The emotion of Craig Kyle, who is the executive producer on the film. He pretty much acts out all of the raw emotion of these characters and is a huge, huge fan. He always has been. He throws a lot of F-bombs around and really inspires us as a group, and individually to get the most raw, feral performances we can.
Throughout the years I've had a chance to really dig into the characters and get every little bit of emotion that's ever been written into Wolverine to be fleshed out on the screen one way or another.
The games are kind of fast food. We just need to crank through those as quickly as possible and get in as many lines as possible. Sometimes we don't have time to dip into the backstory and get that emotion across.
I'm hoping that really plays in the film and on TV, that we've explored even quiet moments of these characters.
Mania: How does the Wolverine from the movie compare to the one that you're playing on the ongoing show? Do you play them the same?
Blum: I think he's the same guy. Certainly the same guy. He's got all the same angst.
I think the difference is that the movie condenses all that feral anger into forty minutes. It was probably the most ferocious sessions we had, certainly physically and possibly emotionally, just because we had to get so much out in such a short period of time.
And that it really grabbed a big chunk of the Weapon X torture scenes and stuff.
I'd say the biggest distinction for me is that I got to go as feral as I possibly can do in the film.
The film does seem like it was more painful. To me that's the victory.
Mania: On the animated show, Wolverine becomes the leader of the team, which isn't a role that he's commonly seen in. Does that make him more or less fun or interesting to play?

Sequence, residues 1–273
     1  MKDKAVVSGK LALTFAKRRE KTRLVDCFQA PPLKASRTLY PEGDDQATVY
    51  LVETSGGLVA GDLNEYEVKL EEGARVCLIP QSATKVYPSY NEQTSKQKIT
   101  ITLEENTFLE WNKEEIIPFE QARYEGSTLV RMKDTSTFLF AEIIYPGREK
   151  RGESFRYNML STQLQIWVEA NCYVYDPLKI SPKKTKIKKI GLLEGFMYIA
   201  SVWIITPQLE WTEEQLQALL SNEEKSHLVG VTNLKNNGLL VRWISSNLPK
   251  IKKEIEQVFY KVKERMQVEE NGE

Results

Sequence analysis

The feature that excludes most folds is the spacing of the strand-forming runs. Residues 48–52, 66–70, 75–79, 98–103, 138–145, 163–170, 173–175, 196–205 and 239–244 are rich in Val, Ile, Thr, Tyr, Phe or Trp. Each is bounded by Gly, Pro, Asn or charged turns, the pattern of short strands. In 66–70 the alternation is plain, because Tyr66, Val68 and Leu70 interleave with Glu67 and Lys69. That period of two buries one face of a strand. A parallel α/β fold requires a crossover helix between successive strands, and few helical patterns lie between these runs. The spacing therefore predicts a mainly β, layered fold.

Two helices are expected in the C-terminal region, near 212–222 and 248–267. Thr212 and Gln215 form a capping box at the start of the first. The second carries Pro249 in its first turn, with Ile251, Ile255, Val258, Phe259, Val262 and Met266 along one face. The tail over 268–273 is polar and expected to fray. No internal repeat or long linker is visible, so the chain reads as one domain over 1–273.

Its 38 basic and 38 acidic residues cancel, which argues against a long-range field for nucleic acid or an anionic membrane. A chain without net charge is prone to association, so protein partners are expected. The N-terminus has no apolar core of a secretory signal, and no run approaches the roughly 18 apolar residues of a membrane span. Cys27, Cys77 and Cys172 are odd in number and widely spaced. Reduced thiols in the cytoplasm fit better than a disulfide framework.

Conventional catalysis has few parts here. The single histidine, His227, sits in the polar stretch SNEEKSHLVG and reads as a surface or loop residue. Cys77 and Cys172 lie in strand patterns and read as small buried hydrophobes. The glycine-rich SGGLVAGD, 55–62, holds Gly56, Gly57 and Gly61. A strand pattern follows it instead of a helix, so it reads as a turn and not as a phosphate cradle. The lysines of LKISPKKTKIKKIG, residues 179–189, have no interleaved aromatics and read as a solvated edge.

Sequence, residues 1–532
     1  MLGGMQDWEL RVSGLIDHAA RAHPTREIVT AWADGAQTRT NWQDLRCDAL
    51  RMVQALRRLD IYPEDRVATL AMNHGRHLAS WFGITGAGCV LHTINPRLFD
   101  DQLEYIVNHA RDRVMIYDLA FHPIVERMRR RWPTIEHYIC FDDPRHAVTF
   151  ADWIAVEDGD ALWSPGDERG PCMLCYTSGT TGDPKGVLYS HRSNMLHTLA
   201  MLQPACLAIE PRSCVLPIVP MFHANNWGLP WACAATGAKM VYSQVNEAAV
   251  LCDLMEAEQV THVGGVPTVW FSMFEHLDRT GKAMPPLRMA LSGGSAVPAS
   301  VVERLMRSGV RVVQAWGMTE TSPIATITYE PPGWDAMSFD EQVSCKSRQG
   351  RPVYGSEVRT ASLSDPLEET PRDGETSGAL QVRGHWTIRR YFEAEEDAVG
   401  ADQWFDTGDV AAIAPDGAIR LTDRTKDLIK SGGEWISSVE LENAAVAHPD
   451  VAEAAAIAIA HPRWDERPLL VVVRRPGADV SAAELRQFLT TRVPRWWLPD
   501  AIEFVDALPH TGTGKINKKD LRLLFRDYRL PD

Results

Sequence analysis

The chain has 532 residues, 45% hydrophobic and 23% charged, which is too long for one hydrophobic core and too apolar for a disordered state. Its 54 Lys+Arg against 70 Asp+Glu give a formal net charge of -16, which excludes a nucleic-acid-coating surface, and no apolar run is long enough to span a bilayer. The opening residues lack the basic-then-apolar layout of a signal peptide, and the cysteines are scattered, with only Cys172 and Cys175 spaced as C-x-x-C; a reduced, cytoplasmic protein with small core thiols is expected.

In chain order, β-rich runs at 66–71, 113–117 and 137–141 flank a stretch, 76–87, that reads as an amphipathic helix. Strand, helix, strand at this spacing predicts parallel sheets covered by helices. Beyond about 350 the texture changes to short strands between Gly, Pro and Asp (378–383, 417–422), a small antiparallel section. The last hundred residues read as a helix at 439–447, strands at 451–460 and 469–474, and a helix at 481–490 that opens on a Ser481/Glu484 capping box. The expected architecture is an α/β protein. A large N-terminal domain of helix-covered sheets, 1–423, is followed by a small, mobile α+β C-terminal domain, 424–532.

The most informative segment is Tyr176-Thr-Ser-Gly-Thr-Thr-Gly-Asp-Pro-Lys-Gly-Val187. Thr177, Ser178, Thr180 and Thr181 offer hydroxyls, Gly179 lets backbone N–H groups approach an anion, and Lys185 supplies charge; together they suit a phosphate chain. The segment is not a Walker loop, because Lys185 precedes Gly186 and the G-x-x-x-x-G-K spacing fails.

Blum: I think that makes him a lot more interesting.
One of the biggest attractions I had in playing Wolverine was just the dichotomy of this guy who has these all of these incredible abilities and he has these leadership qualities but he really doesn't fancy himself a leader. He's very, very uncomfortable in that position. He'd rather just get the hell out of there most of the time.
I really enjoy playing with that. To me it's fascinating. And to put a character in a position where he's completely uncomfortable. I think it's the way to really get a character to evolve, whether its in real life or in a cartoon.
It really allows for some honesty and some depth.
Mania: Is there any Marvel character that you haven't had a chance to play that you'd like to play?
Blum: Oh, man. They've been so good to me I would hate to even say anything. I get to really play around with a lot of different things. In the games I have had a chance to play some of the other ones too.
I don't know. I'm not going to look a gift horse in the mouth. Wolverine is the pinnacle for me.
Right now I'm a pretty happy boy.
Mania: Would you say he's your favorite character of all the ones that you've voiced?
Blum: Yeah, I'd definitely say he's my favorite character of pretty much everything I've done.
He just has a little bit of every element that I love to play. He's so complicated and so extreme. He's definitely one of the most therapeutic characters that I've ever played. Certainly my favorite. I love so many things about him.
Mania: You make it seem like it was very easy to play him in this movie. Was there anything that was hard to accomplish or challenging for you?
Blum: The only thing that's really demanding for me is the physicality of it. Just because after we do one of those scenes, particularly a scene with Fred, I am just completely worn out.
We scream at a level that I just don't do in real life.
I tense up muscles that I never knew I had. I literally feel like I've been through that battle when it's over. It took me two or three days to recuperate in some cases.
It's very, very taxing on the body. Just that hardcore emotion, the physical tensing. I throw punches. I kick. I grit the teeth. I flex the chest.